Power Outage

April 26, 2012

Early yesterday, we had a couple of power outages — pretty rare up here — and the last one occurred while working on this blog, and no post.
First time during the weekdays for more than 18 months straight — hey, not bad.

And man — when one is so used to light 24/7 dark is really, really dark.
Outside was pitch black of the purest kind and way creepy.

(Illustration found here).

Although power came back on before I left for work, the little time spent in total darkness with just a flashlight bursting the gloom was not fun, and awkward to say the very least.
We are so used to flipping the switch on everything that when there’s no response, humanity nowadays can get really freaked.
And life is going to get more freaked as we move along.
The UK’s Guardian yesterday on a new environmental report from the Royal Society on the next few years:

“The number of people living on the planet has never been higher, their levels of consumption are unprecedented and vast changes are taking place in the environment.
We can choose to rebalance the use of resources to a more egalitarian pattern of consumption … or we can choose to do nothing and to drift into a downward spiral of economic and environmental ills leading to a more unequal and inhospitable future”, it says.

The authors acknowledge that it would take time and massive political commitment to shift consumption patterns in rich countries, but believe that providing contraception would cost comparatively little.
“To supply all the world’s unmet family planning needs would be $6-7bn a year.
It’s not much.
It’s an extremely good investment, extremely affordable.
To not provide family planning is an infringement of human rights”, said Sulston.

And it’s also the old inequality question:

“The planet has sufficient resources to sustain 9 billion, but we can only ensure a sustainable future for all if we address grossly unequal levels of consumption.
Fairly redistributing the lion’s share of the earth’s resources consumed by the richest 10% would bring development so that infant mortality rates are reduced, many more people are educated and women are empowered to determine their family size – all of which will bring down birth rates,” said an Oxfam spokeswoman.

The rub here, however, is the lack of fight.
President Obama seemed to appear in a Rolling Stone interview to put  climate change into the vast dish of just  another issue to be dealt with “…in a serious way.”
What!
Via a small snip at Daily Kos:

That there’s a way to do it that is entirely compatible with strong economic growth and job creation — that taking steps, for example, to retrofit buildings all across America with existing technologies will reduce our power usage by 15 or 20 percent.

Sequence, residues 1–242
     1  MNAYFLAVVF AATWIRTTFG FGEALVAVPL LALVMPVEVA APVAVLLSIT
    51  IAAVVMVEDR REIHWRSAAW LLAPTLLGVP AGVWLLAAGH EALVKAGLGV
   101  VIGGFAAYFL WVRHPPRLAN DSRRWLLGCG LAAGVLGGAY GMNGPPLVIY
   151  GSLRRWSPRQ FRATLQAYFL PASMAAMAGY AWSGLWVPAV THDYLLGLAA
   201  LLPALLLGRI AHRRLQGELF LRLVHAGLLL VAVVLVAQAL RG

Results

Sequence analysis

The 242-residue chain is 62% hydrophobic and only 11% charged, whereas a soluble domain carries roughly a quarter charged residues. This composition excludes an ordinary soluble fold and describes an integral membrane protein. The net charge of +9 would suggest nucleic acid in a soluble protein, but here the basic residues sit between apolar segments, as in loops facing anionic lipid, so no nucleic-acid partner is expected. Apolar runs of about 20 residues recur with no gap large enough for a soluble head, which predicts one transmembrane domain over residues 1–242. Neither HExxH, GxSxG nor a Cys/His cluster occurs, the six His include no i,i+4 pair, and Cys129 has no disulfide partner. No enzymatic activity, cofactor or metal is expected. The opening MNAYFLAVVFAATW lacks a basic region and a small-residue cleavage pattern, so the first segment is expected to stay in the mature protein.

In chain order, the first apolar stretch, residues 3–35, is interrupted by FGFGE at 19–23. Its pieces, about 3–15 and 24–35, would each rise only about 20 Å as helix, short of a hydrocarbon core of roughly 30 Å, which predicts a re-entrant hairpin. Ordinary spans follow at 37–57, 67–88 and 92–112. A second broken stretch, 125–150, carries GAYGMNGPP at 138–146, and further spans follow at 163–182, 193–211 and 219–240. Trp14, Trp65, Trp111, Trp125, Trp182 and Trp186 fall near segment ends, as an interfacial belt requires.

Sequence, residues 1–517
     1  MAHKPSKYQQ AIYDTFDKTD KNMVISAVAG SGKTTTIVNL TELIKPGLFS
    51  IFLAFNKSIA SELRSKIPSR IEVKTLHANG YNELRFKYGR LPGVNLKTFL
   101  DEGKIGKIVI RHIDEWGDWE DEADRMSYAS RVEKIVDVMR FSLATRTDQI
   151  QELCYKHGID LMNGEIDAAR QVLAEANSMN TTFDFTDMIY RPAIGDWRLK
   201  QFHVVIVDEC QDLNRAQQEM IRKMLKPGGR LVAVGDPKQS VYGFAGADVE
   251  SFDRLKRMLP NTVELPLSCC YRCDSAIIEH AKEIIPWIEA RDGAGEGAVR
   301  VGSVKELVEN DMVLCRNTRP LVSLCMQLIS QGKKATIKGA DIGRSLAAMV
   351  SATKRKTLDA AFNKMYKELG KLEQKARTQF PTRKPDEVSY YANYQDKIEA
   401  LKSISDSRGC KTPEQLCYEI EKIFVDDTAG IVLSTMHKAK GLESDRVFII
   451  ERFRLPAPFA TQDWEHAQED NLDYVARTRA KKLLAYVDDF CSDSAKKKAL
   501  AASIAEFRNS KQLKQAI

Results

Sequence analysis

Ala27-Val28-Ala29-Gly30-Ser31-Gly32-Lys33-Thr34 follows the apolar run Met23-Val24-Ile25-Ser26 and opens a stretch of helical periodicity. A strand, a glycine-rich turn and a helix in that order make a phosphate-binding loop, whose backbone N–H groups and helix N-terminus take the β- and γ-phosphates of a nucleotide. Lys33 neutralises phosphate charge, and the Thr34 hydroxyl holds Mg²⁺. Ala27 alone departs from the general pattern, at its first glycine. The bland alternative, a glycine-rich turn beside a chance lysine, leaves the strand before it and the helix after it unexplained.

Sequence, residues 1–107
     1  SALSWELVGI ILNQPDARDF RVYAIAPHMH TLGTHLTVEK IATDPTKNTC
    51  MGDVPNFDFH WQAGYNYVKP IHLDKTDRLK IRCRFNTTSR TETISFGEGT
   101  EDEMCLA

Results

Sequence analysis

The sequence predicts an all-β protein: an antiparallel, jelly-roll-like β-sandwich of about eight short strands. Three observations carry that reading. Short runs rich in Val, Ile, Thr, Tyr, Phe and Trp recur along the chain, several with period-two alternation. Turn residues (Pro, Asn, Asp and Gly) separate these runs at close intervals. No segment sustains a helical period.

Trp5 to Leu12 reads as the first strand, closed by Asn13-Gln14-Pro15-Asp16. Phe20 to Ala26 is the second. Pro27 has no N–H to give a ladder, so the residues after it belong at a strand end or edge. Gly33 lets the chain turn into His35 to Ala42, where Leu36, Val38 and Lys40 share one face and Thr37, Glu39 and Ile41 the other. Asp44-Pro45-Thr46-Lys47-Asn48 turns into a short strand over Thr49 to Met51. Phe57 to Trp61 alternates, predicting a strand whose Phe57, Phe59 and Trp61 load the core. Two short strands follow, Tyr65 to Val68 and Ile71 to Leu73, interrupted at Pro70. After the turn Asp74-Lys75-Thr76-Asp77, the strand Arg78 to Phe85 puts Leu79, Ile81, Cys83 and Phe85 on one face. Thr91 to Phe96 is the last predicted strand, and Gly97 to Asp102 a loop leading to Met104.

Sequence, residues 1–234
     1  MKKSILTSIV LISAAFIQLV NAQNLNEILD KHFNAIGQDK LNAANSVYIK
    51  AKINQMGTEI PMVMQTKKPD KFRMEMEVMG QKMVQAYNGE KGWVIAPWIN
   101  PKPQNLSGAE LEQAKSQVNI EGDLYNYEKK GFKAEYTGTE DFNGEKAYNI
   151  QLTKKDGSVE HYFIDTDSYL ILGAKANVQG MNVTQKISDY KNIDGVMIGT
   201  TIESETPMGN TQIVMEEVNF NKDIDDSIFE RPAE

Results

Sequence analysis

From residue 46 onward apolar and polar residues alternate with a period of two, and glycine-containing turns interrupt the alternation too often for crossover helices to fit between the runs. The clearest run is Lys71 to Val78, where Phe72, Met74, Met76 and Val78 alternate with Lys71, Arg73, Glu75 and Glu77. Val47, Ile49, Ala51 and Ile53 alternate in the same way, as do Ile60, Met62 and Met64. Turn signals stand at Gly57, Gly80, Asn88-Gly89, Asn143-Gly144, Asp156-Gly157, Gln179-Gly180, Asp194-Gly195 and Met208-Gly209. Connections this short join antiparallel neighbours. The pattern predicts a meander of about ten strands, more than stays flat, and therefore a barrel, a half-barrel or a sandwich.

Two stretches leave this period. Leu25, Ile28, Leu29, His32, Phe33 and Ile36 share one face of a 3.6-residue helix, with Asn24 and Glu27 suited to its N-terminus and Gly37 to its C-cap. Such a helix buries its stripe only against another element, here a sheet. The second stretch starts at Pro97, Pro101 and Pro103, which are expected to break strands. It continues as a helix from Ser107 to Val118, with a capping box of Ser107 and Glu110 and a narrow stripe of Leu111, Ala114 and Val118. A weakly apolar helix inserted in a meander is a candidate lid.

That’s an achievable goal, and we should be getting started now.

The problem Mr. President is that we should have started yesterday — it’s bullshit if there’s any real seriousness involved here.

Right now there’s no other issue as serious as climate change and why worry about economics when they will be no nothing in a real short time — the shift in how climate slaps mankind in the face.
The reason?
Shit like this:

Humans might not be to blame for the latest piece of news that has caused new concerns about global warming.
A newly-discovered, naturally occuring methane leak over the Arctic Ocean could play a role in future climate change, according to a NASA scientist.

“We didn’t expect to see methane being emitted from the remote Arctic Ocean,” he wrote.
According to the researchers, the amount of methane coming from the Arctic Ocean is about as big as the pockets of the gas being released from an ice shelf in Siberia.
In 2010, the National Science Foundation said that the “release of even a fraction of the methane stored in the [Siberian] shelf could trigger abrupt climate warming.”

And then power outages coming way-abrupt, and staying out.

Meanwhile….

HAPPY BIRTHDAY FUNNY, FUNNY LADY

The most-wonderful Carol Burnett is 79 today.
In my humble opinion, the funniest person ever — a lot of people say Lucille Ball, but she didn’t carry the laughter Burnett can and didn’t have the humanity.
Burnett is hilarious just standing there without saying a word.

The closest nowadays is Kristen Wiig, who also can just stand there, do nothing and be so, so-funny.

Burnett covered more than half-century of funny — happy birthday, gal.

(Illustration found here).

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